Philip Leder, a biologist who helped decipher the genetic code and discovered a genetic cause of cancer, died on Feb. 2 at his home in Chestnut Hill, Mass. He was 85.
The cause was complications of Parkinson’s disease, his son Benjamin Z. Leder said.
Dr. Leder helped accomplish the final step in deciphering the genetic code early in his career. In immunology, he went on to help unravel the genetic mechanisms behind the great diversity of antibody molecules. He then discovered that the misregulation of a gene that guides the growth of cells was a major cause of cancer.
Dr. Leder was a postdoctoral student at the National Institutes of Health in Bethesda, Md., in 1962 when — nine years after the structure of DNA was discovered — he was recruited by Marshall Nirenberg. The two men entered a furious race by biologists around the world to solve the genetic code, the means whereby successive units of DNA specify the order of the amino acids, the building blocks of protein.
Amid much theoretical speculation about how this might work, Dr. Nirenberg chanced upon a practical approach to the problem: feeding synthetic strands of RNA — DNA’s messaging system — to living cells and seeing which amino acids were summoned to the protein-making machinery.
Dr. Nirenberg had found that a long string of the RNA units designated U, for uracil, would induce the cell to make proteins out of the amino acid phenyl alanine. So it looked as if UUU — the code was thought to be read in triplets — designated phenylalanine.
But it was hard to exploit this discovery until Dr. Leder developed a way of synthesizing RNA triplets of a specific sequence. Testing these 64 triplet arrangements one by one, the two researchers figured out which RNA triplet specified each of the 20 amino acids that a cell uses to construct protein molecules.
By 1966 they had figured out most of the code in what Dr. Leder called “a mad race” with other labs, notably a team led by the Nobel Prize winner Severo Ochoa.
“I couldn’t sleep for days at a time because of the excitement,” Dr. Leder said in a 2012 interview with ASBMB Today, the magazine of the American Society for Biochemistry and Molecular Biology.
“I would go to bed thinking about the next day’s experiments and then jump out of bed in the morning and rush to the laboratory,” he said.
Solving the genetic code won a Nobel Prize for Dr. Nirenberg, his lab chief, in 1968.
Dr. Leder then turned to the problem of gene structure and worked out the composition of DNA units in the gene for alpha-globin, the first mammalian gene to be sequenced. Four globin units, two alpha and two beta, make up hemoglobin, the oxygen-carrying component of red blood cells.
In 1980 he moved from the National Institutes of Health to Harvard and became founding chairman of the university’s new department of genetics, a post he held until 2008. Exploring how the genes of the immune system produce a vast diversity of antibodies, the defense mechanisms against infectious disease, he found that cells methodically rearrange the two genes that encode part of the immunoglobulin molecule.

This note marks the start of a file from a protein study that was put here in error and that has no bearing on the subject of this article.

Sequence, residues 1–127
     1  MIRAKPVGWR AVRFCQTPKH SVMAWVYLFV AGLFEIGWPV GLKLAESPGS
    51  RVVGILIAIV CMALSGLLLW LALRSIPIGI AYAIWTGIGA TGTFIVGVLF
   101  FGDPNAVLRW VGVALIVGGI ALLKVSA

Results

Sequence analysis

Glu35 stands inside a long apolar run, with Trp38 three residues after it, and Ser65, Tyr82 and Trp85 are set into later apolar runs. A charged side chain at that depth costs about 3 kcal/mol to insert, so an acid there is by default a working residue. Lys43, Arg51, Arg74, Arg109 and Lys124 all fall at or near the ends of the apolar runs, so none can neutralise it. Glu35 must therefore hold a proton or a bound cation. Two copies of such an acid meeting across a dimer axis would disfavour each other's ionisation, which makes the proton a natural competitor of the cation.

The antibody-producing cells, known as B cells, are the site of a rare cancer known as Burkitt’s lymphoma. Dr. Leder found that in Burkitt’s lymphoma cells, the chromosomes are erroneously rearranged in such a way that a gene called myc, which is involved in controlling the growth of a cell, is swapped into a region containing the immunoglobulin genes. Divorced from its proper regulatory controls, the myc gene drives the B-cell into cancerous proliferation.
Dr. Leder then showed that if a myc gene shorn of its regulatory system is injected into the mouse genome, the mice in the experiment will be unusually prone to cancer. He received the prestigious Albert Lasker Award in 1987 for this work on the genetics of immunoglobulins and cancer.
Philip Leder was born on Nov. 19, 1934, in Washington. His mother, Jacqueline Bourke, was a nurse until she married his father, George Jacob Leder, who owned children’s clothing stores in Arlington and Falls Church, Va.
Philip attended Western High School in Washington and then went to Harvard, where he obtained a bachelor’s degree in 1956 and a medical degree four years later.
He is survived by his wife of 60 years, Aya (Brudner) Leder; three children, Micki, Ethan and Benjamin Leder; and eight grandchildren.
In an interview on the Lasker Foundation’s website, Dr. Leder noted that scientific research was not for the fainthearted. “If you can’t stand failure and disappointment, you can’t do this work,” he said. “What you work for in this business is the grudging appreciation of the few colleagues who understand what you are doing.”
He often said that he got his best scientific ideas while listening to classical music, so much so that he would take a notepad with him to concerts.
Dr. Leder gave an interview for a 1994 book “The God I Believe in: Conversations About Judaism.” The author, Joshua O. Haberman, asked him if he believed in the hope of a Messiah. Dr. Leder replied: “I do have faith that, as we come to understand ourselves more as beings, as individuals, as genetically programmed organisms, this knowledge will contribute to bettering the human condition. It’s a little hard to equate that with a Messianic faith, but that’s my Messianic faith in a way.”